(From Gould's Mammals of Australia.)


surface. There are no true teeth in the adult, although the young possess a set which are shed after being worn down by friction with food and sand, their purposes being afterward served by horny prominences, two on each side of each jaw—those in the front narrow, longitudinal, sharp-edged ridges, and those behind broad, flattened and molariform. The upper surface of the lateral edges of the mandible has also a number of parallel fine transverse ridges, like those on the bill of a duck. In the cheeks are tolerably capacious pouches, which appear to be used as receptacles for food.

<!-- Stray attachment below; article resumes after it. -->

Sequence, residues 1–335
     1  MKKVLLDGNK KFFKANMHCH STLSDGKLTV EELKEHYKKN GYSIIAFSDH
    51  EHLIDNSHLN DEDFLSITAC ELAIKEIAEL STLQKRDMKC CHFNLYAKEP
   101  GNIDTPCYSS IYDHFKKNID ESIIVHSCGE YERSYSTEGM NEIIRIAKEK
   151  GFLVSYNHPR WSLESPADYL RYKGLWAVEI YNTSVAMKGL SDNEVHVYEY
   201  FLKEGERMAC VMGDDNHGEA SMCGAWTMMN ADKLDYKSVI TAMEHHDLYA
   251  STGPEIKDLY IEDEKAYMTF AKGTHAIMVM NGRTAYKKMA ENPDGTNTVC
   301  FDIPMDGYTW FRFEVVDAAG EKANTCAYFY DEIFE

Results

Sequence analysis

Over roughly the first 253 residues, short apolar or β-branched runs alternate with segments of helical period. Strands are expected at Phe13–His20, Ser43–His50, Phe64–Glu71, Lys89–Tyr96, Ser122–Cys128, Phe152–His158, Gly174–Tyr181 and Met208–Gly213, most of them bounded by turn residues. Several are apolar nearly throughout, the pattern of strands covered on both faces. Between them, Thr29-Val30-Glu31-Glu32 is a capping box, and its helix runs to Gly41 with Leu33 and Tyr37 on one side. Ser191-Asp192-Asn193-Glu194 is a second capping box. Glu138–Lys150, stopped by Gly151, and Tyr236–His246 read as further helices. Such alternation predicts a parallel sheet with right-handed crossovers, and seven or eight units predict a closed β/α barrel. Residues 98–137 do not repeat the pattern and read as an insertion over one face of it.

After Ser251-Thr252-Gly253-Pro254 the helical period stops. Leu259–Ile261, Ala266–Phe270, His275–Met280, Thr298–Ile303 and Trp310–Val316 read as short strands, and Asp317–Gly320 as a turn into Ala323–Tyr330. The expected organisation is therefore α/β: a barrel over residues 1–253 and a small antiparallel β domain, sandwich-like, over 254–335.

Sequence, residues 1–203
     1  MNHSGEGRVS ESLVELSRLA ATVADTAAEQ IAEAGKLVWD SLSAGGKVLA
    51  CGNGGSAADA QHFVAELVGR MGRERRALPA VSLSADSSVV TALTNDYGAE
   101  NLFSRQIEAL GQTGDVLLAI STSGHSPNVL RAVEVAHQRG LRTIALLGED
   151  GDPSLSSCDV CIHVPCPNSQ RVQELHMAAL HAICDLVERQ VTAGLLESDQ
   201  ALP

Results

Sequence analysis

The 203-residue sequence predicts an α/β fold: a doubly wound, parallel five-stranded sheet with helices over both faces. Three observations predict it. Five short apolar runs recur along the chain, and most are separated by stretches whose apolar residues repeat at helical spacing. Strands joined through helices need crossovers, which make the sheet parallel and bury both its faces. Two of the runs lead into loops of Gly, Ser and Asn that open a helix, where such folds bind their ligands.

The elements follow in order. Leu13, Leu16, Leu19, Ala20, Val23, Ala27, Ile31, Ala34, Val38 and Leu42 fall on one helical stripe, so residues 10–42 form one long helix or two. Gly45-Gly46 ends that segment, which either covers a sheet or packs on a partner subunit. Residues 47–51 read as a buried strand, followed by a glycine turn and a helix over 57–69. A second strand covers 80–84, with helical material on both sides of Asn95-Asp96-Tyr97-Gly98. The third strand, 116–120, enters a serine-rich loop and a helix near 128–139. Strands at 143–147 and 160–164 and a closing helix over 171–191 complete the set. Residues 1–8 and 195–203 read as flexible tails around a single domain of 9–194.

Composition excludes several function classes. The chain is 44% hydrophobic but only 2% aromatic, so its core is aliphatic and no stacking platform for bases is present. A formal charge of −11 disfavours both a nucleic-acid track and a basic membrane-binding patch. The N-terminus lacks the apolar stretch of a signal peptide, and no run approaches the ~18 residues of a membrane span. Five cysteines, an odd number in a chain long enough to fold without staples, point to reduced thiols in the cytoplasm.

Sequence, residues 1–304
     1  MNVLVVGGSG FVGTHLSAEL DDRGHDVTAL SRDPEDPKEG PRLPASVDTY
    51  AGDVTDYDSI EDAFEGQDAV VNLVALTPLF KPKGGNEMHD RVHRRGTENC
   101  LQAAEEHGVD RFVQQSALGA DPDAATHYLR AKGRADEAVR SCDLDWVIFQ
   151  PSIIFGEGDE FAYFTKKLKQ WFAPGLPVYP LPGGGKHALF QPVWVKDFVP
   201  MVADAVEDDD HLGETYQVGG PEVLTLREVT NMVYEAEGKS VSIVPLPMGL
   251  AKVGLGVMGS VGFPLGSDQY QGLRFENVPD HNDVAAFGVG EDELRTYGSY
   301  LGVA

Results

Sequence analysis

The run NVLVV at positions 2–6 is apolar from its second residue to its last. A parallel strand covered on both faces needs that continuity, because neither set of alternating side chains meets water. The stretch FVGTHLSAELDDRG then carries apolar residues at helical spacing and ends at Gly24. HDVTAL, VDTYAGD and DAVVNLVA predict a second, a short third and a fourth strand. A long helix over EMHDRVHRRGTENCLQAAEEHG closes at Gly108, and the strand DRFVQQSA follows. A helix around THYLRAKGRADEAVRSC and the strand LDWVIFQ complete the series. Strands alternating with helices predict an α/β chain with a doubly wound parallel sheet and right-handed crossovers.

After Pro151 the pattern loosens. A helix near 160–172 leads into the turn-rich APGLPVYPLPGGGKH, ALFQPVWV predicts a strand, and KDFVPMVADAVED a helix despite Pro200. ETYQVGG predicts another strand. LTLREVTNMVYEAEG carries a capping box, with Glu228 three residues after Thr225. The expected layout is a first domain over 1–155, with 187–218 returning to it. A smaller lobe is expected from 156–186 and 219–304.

The limbs are strong and short, each with Eve well-developed toes provided with strong claws. In the fore feet the web not only fills the inter spaces between the toes, but extends considerably beyond the ends of the long, broad and somewhat flattened nails, giving great expanse to the foot when used for swimming, though capable of bei11g folded back on the palm when the animal is burrowing or walking on the land. On the hind foot the nails are long, curved and pointed, and the web extends only to their base. On the heel of the male is a strong, curved sharply pointed, movable horny spur, directed upwards and backwards, attached by its expanded base to the accessory bone of the tarsus. This spur, which attains the length of nearly an inch, is traversed by a minute canal, terminating in a fine longitudinal slit near the point, and connected at its base with the duct of a large gland situated at the back part of the thigh. The whole apparatus is so exactly analogous in structure to the poison-gland and tooth of a venomous snake as to suggest a similar function, and there is now evidence that it employs this organ as an offensive weapon.